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January 31 2012

18:35

The Oceanic Conveyor Belt: Climate Change Tipping Points Being Reached in the Arctic, Western Boundary Ocean Currents


Accelerated changes in the Arctic are moving ocean currents poleward and threaten the oceanic conveyor belt

Two new research papers by authoritative climate research teams were announced this week — one on climate change tipping points being reached in the Arctic and a second on warming of long-distance, poleward-moving ocean currents. The results of the studies show that warming of both the Arctic and western boundary currents is happening faster than has been anticipated, prompting the researchers to publicly urge that efforts to adapt to abrupt climate change be intensified globally.

Climate Change Tipping Points in the Arctic

In “Abrupt climate change in the Arctic,” University of Western Australia (UWA) Ocean Institute researchers lead by director and Winthrop Professor Carlos Duarte found that the Arctic is warming at a rate three times faster than the global average, which has caused Arctic summer sea ice to melt and recede at a pace faster than researchers have forecast.

Arctic summer sea ice may be limited to the the waters off northern Greenland and Ellesmere Island in as short a period as the next decade, and is likely to disappear entirely by the middle of the century, according to a WA News report. The warming’s occurring so fast that it’s not only threatening Arctic ecosystems and traditional ways of life, the Arctic may change from being a net carbon sink to a net source of greenhouse gas emissions.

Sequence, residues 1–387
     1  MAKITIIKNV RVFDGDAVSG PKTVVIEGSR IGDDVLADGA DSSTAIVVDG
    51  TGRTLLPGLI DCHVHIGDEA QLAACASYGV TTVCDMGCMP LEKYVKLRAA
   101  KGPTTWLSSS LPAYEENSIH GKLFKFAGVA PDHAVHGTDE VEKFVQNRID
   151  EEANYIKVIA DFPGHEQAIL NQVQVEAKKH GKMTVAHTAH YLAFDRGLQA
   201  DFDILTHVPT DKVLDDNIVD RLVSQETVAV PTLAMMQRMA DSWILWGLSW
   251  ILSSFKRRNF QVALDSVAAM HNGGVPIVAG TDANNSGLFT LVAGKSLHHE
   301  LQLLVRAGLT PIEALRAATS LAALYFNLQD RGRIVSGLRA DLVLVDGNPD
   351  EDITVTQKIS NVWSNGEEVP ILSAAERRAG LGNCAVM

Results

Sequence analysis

The fast warming Arctic is opening up new sea lanes and a bonanza of resource exploration and exploitation, as well as political controversy over resource rights. However, faster than anticipated warming and melting will also have “abrupt knock-on effects” across major world cities in northern mid-latitudes, a list that includes Beijing, Berlin, London, Moscow, New York and Tokyo. Tentatively linked is the occurrence of much colder winters in Europe.

Warming of Western Ocean Boundary Currents

Also published in Nature Climate Change, “Enhanced warming over the global subtropical western boundary currents,” is a global study of fast-moving, long-distance ocean currents, such as the Gulfstream, that distribute heat and moisture from warming tropical ocean waters globally.

Moving along the western boundaries of the world’s ocean basins, changes in water temperature of these currents also have significant, large-scale effects on climate globally. Releasing heat and moisture on their way from the equator to the poles, they affect atmospheric jet streams and mid-latitude storms and patterns, as well as ocean absorption of carbon dioxide.

Reconstructing and re-examining data sets using new methods, the research team found that “the post-1900 surface ocean warming rate over the path of these currents is two to three times faster than the global mean surface ocean warming rate. The accelerated warming is associated with a synchronous poleward shift and/or intensification of global subtropical boundary currents in conjunction with a systematic change in winds over both hemispheres.”

The faster than expected warming of these long-distance, poleward moving ocean currents “may reduce the ability of the oceans to absorb anthropogenic carbon dioxide over these regions,” according to the report’s authors. “Uncertainties in detection and attribution of these warming trends remain,” they note, “pointing to a need for a long-term monitoring network of the global western boundary currents and their extensions.”

The Oceanic Conveyor Belt and Climate Change

Though not stated by the authors, the increasing incidence of unusual extreme storms, such as 2011′s Hurricane Irene, which carried as far north as the US’ mid-Atlantic and New England regions, and Typhoon Washi, which struck the southern Philippine island of Mindanao, may be evidence of the faster than expected melting of Arctic ice and faster than expected warming of western ocean boundary currents.